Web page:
by John Henry on Monday, Jun. 12, 2006 12:00 am
Ralph Bradbury, right, president of Continental Express, and Pete Campbell, executive vice president, plan to restructure the Little Rock trucking company.
A year ago, in May 2005, he returned to the company he helped build.
"It feels really good," Bradbury said. "I was extremely happy and flattered when Mr. Harvey called me" to come back.
During his leave, Continental Express grew, but it was growth just for the sake of growth, and a long-term strategy was missing. The company had three different leaders during Bradbury's absence, the last being Kelly Wooldridge. (No one at the company would comment about Wooldridge's departure because of potential "legal proceedings.")
Now, Bradbury said, his first goal is "getting our feet back under us." That calls for looking at the entire operation and "streamlining things."
The truckload carrier posted $110 million in revenue last year, up from $105 million the year before.
But Bradbury — and Harvey — are trying to position the company for sustained growth, and the plan actually calls for it to be a bit smaller, at least temporarily, while the restructuring is under way.
When Bradbury returned, the company was running 600 trucks and 1,900 trailers. He wants to drop that down to about 500 trucks and 1,200 trailers while the streamlining is taking place. Continental's biggest customers are Best Buy, Circuit City, Menlo Industries, General Electric, Toys "R" Us and Wal-Mart.
"When I came back, the first thing I noticed was a picture on the wall in the office of a train hauling trucking trailers." During his absence, the company had moved into intermodal transport to increase profits. And it did.
Like all companies that have to keep an eye on the bottom line, Continental will continue some of the highway/rail mix it offers, but Bradbury is reducing Continental's dependence on it. When he returned, about 23 percent of the company's revenue came from doing business with the railroads. That figure is now down to 19 percent.
"We also have to consider driver satisfaction," Bradbury said. "We have to think about the drivers and increase the length of their haul. You have to get them miles so they can pay their bills and earn a decent living." Using rail too much can cost a company good drivers, which are always in short supply.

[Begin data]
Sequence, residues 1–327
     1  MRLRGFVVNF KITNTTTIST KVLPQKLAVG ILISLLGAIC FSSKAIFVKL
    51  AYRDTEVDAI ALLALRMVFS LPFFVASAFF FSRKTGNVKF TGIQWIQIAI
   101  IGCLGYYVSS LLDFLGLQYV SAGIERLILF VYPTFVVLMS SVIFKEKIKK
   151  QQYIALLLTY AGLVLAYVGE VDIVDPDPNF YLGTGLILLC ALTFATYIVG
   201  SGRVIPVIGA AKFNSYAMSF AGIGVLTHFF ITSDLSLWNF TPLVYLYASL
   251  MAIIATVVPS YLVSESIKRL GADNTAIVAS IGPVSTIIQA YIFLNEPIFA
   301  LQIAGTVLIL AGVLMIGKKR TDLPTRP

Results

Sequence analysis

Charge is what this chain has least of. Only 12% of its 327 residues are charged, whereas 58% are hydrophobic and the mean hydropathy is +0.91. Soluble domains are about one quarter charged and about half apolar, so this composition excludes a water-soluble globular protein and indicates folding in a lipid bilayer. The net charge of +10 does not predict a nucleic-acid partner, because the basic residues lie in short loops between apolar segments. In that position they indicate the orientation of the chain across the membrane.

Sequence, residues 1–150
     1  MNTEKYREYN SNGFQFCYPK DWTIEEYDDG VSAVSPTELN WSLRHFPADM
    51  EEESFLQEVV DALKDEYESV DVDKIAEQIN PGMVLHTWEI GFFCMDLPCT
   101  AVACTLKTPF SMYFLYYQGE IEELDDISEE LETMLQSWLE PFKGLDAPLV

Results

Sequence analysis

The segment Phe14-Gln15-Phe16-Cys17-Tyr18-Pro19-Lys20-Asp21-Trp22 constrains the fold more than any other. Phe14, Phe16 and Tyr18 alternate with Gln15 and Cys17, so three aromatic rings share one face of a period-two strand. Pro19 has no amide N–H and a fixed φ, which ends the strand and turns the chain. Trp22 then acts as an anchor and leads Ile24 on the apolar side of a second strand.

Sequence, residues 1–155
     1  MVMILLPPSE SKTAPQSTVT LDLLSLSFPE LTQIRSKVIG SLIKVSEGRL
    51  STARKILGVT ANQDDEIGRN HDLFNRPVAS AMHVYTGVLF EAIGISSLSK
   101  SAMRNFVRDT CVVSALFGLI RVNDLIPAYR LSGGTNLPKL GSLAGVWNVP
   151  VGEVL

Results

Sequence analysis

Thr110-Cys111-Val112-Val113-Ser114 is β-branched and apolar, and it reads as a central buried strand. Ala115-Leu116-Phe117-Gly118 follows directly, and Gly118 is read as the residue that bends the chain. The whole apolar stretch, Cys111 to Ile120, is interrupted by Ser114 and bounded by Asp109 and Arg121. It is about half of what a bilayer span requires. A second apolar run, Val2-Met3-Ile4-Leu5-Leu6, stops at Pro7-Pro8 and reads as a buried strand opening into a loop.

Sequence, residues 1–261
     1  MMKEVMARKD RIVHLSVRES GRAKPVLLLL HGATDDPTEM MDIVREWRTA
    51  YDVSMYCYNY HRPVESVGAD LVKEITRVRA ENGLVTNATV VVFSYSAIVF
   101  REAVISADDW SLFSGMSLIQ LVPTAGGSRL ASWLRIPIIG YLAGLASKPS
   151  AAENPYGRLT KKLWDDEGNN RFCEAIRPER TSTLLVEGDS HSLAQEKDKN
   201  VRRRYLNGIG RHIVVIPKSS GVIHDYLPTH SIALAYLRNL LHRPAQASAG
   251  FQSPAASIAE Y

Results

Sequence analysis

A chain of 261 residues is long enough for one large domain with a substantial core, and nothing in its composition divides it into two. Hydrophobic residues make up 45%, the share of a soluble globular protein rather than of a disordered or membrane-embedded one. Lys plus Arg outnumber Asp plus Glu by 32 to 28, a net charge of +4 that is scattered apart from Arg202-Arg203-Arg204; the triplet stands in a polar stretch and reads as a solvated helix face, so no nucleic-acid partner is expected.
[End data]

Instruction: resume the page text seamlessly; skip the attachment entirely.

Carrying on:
Bradbury also has begun efforts to better communicate with the drivers.
"We know they have needs with their families, paying their bills, taking care of pets, just like all of us do. We're trying to be more specific in understanding those needs. Most of the time, a driver leaves because we didn't understand he had a particular need," he said.
It's particularly difficult when a driver has an emergency at home, which may be halfway across the country, while his load is headed in the other direction. It can be costly for the company to get another driver to pick up the load and carry it on to its destination while the original driver returns home to handle a problem.
Bradbury said he had a plan in place to ease that problem when he left — a plan that was abandoned while he was gone — and he is working to reinstate it.
Bradbury, who says his motto is "firm, but fair," admits he demands a lot from his employees, but he also believes in giving them rewards. "They deserve to thrive," he said.
In July 1999, Bradbury said, he and Harvey reached a mutual agreement for him "to do something else."
News reports at the time of the abrupt departure said he resigned over philosophical differences with Harvey, although there were some who said Harvey fired him.
Bradbury told Arkansas Business at the time: "The reason for the split is simply a difference in business values and philosophies."
Last week, he said, his departure was mainly a case of burnout and a need "just to figure out what I wanted to do." He said he and Harvey had remained friends. When Harvey called last year to talk about coming back, Bradbury, now 51, was ready.
"We've both grown older and, although our philosophies are different, as we spent a long time talking about the company, we realized that we were on the same page as far as our goals and objectives are concerned.
"We came back together to make the company successful for everyone, including the employees."
When he left in 1999, Bradbury had been a minority partner. He declined last week to talk about any ownership position in the company.
During his leave from Continental, he said, he did some consulting and also worked for Whiting Systems Inc. of Little Rock.